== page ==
Thread a clean, cotton string in a large darning-needle, then select three of your largest raisins for the body and a suitably shaped one for the head. There must be three raisins for each leg, one for each foot, and three for each arm. Tie a knot in the end of your string and, beginning with one foot, string on three raisins for one leg, then the three for the body, and, lastly, the one for the head. Tie a knot close to the top at the head and leave a long end to the string. Thread your needle again and string on the raisins for the other foot and leg, then run the needle up through the lower raisin of the body, and fasten the second string to the first between the two body raisins.
Fig. 201—Jocko's hat.
Fig. 202—Jocko's coat.
Fig. 203—Jocko's skirt.
String three raisins for one arm, run the needle through the middle of the top body raisin, where the shoulders should be, then string on the three raisins for the other arm and tie a knot at the end. Jocko is all right now, except that he is very limp. Put stiffening into his joints by running broom straws through his legs, body, and arms. Use a raisin stem for the tail, and fasten it on by pushing the largest end into the lowest body raisin. Make the eyes by running a short piece of broom straw through the head, allowing the ends to stand out a short distance in the place for the eyes. Remember a monkey's eyes are always close together, and they must be made so in order to look natural.
At this stage Jocko will resemble ; but he must have clothes and a hat to give the finishing touches and make him look like the monkeys the children are familiar with. is Jocko's hat, his coat, and his little skirt.
Cut all of these from bright-colored cambric of a size to fit the monkey. Fold a piece of cambric for the coat, and cut it out as you would for a paper doll, with the fold at the top. The skirt and hat are circular. Cut a round hole in the middle of the skirt for the waist, and slit it down the back. This furnishes the costume.
Fig. 204—Bring the corners of the square together.
Fig. 205—Slit the triangle.
Fig. 206—Opened out.
Now, thread the end of the string from the top of Jocko's head into the darning-needle and run the needle through the middle of the hat ; then push the hat down on his head. Fit the skirt around Jocko's waist, and fasten it at the back with needle and thread; then put on his jacket and fasten that in front. It is unnecessary to say that Jocko is good to eat.
Fig. 207—Pinch the centre into a point.
Fig. 208—The chrysanthemum ornament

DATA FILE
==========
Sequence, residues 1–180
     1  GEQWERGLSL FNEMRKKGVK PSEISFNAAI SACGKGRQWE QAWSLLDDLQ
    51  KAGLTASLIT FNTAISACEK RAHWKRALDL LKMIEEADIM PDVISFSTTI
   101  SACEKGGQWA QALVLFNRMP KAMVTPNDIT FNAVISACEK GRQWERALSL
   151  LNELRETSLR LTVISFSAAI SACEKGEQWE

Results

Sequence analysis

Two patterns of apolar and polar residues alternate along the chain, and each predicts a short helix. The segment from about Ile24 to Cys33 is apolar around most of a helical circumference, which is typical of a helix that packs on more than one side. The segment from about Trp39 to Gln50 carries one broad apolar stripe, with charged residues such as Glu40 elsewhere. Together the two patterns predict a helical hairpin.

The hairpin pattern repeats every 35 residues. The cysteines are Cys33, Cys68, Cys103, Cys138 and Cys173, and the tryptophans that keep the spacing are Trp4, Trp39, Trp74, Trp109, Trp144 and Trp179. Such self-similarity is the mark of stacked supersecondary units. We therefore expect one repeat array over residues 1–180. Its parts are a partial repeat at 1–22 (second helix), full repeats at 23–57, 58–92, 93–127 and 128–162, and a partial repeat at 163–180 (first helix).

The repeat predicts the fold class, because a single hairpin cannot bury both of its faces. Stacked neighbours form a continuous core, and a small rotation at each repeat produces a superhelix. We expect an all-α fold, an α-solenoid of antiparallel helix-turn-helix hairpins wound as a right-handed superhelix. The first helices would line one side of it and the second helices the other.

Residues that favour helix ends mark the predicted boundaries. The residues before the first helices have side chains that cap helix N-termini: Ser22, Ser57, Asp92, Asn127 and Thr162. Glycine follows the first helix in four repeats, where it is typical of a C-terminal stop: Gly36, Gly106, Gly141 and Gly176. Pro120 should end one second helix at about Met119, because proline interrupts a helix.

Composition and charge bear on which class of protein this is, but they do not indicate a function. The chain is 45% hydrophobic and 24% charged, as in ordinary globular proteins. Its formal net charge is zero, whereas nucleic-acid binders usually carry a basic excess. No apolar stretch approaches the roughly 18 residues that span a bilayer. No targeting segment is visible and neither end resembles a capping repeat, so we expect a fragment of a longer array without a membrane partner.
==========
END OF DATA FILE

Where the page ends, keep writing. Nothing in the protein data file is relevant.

shows how these strings are made. Red, gold, yellow, orange, green, blue, and white make pretty disks, and show off well on the tree.
Cut your disks perfectly round, and in pairs; for they must be the same on both sides, G, H . You can make the disks on some strings all of one size; on others they may graduate down to quite small ones at the ends. When the disks are cut out, lay one down, bottom side up, H . Cover this with paste, then lay a white cotton string across the disk, directly through the middle. Allow about six inches of the string to extend beyond the disk, and let each string be one yard long. Before the paste has time to dry, press the mate of the disk, G , on top of H, over the string, taking care to have the edges even. Go through this process with each disk. Paste them on the string one inch apart, and leave six inches of string at the last end.
is a dainty
Fig. 210—A fringed ornament.
Fig. 211—Six triangles like this.
The crowning glory of every Christmas tree is its
shows some paper candles on an evergreen branch, standing upright and burning briskly. The candles may be made of white as well as colored paper. Make an oblong, K , four inches long and two and a half inches wide, the wick one-quarter of an inch high, and the back of the flame, L, three-quarters of an inch long. From orange-colored tissue-paper cut the flame . This should be a little over a half an inch wide at the base and two inches long. Lay an oblong on the table in front of you; take a large-sized pencil; place it on the long edge farthest away from the flame, and roll it on the pencil until the opposite edge overlaps the roll. Then run the paste brush along the edge and paste it down. Your candle is now a hollow roll. Slip the roll off the pencil and cut two slim notches opposite to each other, in the bottom edge . Make the notches on some of the candles at the front and back, on others at each side. This is so that the flames may always face outward, though the branches that hold the candles may turn in various directions. Lastly, paste the flame on the back of the flame, allowing the tip to flare out at one side as though stirred by a current of air .
Fig. 214—Begin the candle in this way.
Fig. 215—The flame is cut like this.
Fig. 216—Roll it on a pencil.
Fig. 217—The finished candle.
In placing the candles, stand them up astride the branches by means of the notches at the bottom, turning the right side of the flame always toward the room. The tiniest twigs will hold these paper candles easily, and when the needles of the fir interfere with their adjustment, pull off some of the needles and set the candles astride the bare places on the branches.
Finish the tree by throwing over it a web of long, very narrow strips of white and orange-colored tissue-paper.
The narrower the strips the better they will look.
It hardly seems necessary to offer a word of caution, but it will do no harm to say that the flame of gas, candle, or fire, should not come near this paper-decked tree, though it is scarcely more inflammable than a tree trimmed with tinsel.